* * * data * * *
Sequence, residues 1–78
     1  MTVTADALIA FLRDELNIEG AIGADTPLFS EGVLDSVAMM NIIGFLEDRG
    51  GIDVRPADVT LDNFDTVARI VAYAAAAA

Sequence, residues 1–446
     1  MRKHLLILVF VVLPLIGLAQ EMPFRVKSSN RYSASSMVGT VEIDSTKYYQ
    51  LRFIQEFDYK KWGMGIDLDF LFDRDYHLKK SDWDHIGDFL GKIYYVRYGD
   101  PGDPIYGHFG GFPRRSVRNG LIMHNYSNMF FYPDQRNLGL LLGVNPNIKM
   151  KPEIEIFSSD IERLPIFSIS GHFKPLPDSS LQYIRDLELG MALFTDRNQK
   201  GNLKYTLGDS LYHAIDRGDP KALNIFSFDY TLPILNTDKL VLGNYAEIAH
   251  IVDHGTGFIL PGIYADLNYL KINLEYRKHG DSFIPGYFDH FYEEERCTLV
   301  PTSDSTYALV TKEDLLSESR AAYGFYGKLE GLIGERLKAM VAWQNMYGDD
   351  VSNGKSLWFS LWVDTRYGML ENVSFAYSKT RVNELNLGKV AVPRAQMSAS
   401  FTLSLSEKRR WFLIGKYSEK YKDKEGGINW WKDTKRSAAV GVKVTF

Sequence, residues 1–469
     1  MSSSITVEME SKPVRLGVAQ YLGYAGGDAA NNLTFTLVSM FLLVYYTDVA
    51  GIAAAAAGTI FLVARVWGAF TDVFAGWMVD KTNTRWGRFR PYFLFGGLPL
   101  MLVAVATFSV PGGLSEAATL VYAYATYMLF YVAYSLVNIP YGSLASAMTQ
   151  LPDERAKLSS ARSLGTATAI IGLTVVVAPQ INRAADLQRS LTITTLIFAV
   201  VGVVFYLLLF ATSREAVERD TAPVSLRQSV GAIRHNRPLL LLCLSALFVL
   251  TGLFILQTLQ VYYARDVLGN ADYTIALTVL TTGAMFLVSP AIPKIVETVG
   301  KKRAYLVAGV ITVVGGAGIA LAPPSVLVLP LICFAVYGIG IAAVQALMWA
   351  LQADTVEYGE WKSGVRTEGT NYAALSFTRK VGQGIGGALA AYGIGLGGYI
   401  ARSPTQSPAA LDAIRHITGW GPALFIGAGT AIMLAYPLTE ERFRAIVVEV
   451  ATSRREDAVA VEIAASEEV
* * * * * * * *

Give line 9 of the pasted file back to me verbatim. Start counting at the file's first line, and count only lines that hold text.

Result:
   201  GNLKYTLGDS LYHAIDRGDP KALNIFSFDY TLPILNTDKL VLGNYAEIAH